Adobe might be better known for its more expensive Photoshop editing software, but you don’t have to break the bank to take advantage of Adobe-quality photo editing — especially if you know you’ll be doing most of your edits on a mobile device. With Adobe Lightroom on mobile, you can expect to make many of the adjustments you’d normally do with other editing apps: cropping, adjusting the lighting, customizing the color, adding effects, sharpening, or adding filters. The app itself is easy to navigate as it has a minimal interface with clearly labeled icons and simple to use sliders and toggles to help you quickly adjust certain aspects of your photos.
But Lightroom doesn’t just help you with the quality of your edits, it also has its own camera controls to help enhance the quality of the photos you take with your mobile device. Depending on your devices, you can choose from camera modes such as Auto, Professional, and HDR.
Some features are locked behind a paid subscription paywall, but you usually can easily spot those features as they are labeled with a blue and white star icon. You don’t need a subscription to use most of the editing features.
Photo Pos Pro is a decent free photo editing option for Windows users. And the first thing you need to know is that the software really tries to emphasize ease of use and customizing the user experience. In fact, when you first open the software, you’ll be greeted with a series of questions about how you want to use the software. The most important question it will ask is when it prompts you to choose between two main interfaces (based on your own level of photo editing experience): An interface for experts (PRO) or one for newbies (Novice). And the interface you choose will determine how you’ll edit with the software going forward. (Don’t worry: Photo Pos Pro allows you to easily toggle between the two interfaces as needed.)
The PRO interface looks a bit like Photoshop and as expected comes with an abundance of advanced editing features. You can expect to see layers, curves, cropping, paint brushes, effects, rulers and grids, and color and lighting adjustment options. This interface is packed with tools for more intensive editing and as such, the interface can be a bit overwhelming with its many, small icons and various kinds of menus.
The Novice interface is best for beginners or just those who need to make a few quick edits to their photos. The interface is similar to what you would encounter with simple desktop or mobile photo app: Just a bare bones selection of features. In Photo Pos Pro, these features would include: cropping, flipping and rotation, resizing, a few brushes, auto fix, color and light adjustments, deformation effects, and adding frames.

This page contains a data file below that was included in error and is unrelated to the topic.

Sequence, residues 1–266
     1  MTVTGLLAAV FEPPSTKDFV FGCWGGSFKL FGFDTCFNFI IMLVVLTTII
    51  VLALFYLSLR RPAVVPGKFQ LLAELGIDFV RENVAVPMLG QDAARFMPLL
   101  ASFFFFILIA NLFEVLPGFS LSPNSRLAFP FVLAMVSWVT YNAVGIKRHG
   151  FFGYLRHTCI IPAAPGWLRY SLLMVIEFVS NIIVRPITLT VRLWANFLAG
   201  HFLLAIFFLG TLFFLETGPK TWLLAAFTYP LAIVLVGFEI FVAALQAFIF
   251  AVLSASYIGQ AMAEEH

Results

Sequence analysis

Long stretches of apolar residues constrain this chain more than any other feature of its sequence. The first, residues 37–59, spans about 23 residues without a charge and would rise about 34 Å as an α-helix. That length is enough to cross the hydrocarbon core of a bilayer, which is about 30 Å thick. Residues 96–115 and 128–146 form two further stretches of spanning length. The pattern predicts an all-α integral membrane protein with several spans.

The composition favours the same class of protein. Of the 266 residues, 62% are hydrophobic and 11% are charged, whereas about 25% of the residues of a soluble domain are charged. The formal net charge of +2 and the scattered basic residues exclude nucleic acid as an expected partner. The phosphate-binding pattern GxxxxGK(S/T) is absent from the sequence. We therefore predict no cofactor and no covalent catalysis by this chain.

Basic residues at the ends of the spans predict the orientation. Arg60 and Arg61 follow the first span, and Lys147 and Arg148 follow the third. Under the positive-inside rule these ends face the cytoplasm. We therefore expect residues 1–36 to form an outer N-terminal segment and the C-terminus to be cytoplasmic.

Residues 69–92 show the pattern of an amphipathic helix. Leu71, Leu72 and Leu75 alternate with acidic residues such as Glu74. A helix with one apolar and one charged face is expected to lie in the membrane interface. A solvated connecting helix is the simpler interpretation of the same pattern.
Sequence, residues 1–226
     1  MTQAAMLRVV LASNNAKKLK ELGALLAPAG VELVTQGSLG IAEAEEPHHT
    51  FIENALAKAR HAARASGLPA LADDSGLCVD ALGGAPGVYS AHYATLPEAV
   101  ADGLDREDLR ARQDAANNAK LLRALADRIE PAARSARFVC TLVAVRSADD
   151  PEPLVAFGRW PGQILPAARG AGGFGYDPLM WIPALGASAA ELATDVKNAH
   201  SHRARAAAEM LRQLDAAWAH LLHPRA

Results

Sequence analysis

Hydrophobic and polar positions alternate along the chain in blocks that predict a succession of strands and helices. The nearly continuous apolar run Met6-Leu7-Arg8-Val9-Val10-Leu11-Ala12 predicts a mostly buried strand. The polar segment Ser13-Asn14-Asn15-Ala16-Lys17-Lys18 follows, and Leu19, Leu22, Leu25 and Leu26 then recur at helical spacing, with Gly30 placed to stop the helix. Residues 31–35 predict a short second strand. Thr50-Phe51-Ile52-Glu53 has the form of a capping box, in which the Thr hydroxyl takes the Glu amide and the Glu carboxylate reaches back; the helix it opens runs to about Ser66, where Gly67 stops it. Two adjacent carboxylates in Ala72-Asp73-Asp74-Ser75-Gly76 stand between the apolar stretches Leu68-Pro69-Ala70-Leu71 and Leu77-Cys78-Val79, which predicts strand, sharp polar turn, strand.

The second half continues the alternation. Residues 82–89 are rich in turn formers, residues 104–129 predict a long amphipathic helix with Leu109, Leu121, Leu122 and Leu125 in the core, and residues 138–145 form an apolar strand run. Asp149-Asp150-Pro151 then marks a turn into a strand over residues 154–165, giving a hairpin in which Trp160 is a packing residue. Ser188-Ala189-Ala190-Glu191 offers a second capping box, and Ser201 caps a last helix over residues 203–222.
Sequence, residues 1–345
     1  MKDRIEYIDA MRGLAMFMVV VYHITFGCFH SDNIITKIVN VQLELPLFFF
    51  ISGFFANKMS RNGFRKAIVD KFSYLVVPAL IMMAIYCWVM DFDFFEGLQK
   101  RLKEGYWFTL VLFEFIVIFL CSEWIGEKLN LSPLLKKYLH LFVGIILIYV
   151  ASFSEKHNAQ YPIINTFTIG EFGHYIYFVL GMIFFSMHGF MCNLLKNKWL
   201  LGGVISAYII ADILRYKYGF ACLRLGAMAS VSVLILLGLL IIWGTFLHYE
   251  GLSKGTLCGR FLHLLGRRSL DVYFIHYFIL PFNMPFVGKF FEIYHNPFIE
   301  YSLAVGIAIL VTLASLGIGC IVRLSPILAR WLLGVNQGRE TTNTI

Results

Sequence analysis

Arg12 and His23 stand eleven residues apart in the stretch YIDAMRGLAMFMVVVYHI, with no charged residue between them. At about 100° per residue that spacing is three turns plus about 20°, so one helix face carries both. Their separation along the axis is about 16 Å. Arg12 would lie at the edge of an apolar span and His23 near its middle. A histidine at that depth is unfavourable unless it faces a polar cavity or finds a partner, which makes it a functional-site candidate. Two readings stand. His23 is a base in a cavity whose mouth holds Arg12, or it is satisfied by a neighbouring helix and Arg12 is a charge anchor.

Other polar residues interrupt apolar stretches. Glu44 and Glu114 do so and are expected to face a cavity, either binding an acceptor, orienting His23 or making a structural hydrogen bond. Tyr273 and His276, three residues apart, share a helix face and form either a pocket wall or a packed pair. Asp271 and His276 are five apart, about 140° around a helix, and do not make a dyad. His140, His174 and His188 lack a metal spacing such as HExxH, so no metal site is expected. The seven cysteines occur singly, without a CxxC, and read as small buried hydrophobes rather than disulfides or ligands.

One drawback of using the free version of this software is that it has a limit on the size of the photos you can save: It can’t be bigger than 1024 x 1024 pixels. If your photo is bigger than that, you’ll need to upgrade to the premium version of the software to save it or resize the photo.
When you first install Cyberlink PhotoDirector Essential, you automatically get temporary access to a few premium features along with the free version of the software. These features include: unlimited monthly effects, no watermarks, and premium images from Shutterstock. The free trial of the premium features only lasts for 30 days.
When you first open the software, like Photo Pos Pro, you’ll be given a choice between two interfaces: Full Mode (with all the bells and whistles) or Express Mode (for when you just want to edit something quickly and easily). Full Mode isn’t particularly intuitive: You’ll have to do some clicking around to figure out where all of your desired tools are, but there are a lot of tools and they’re displayed in a detailed way that’s perfect for photography geeks. Express Mode has less features, but if all you want to do is add fun filters and templates to your photo, then that’s the mode for you. You can add a wide variety of presets to change the coloring or lighting of a photo. Or you can add a template which is a combination of a filter and the ability to add text to your photo. You can even add something called an AI Style Transfer, which allows you to add painterly effects to your photos, so that they look like paintings instead of photos.
What is the easiest free photo-editing software to use?
The easiest free photo-editing software to use is Paint.NET, especially if you also need Photoshop-level editing capabilities. It perfectly combines a minimalist interface, a familiar simplistic layout, and many of the complex tools and features you can expect from higher end photo editing software. The only software on our list that’s a close second for ease of use is the Adobe Lightroom mobile app, which doesn’t offer very many advanced editing tools.
- The best Instant Pots for 2021
- The best cheap tablets under $200
- The best VPN services for 2021
- The best laptops for video editing in 2021
- The best laptops for photo editing in 2021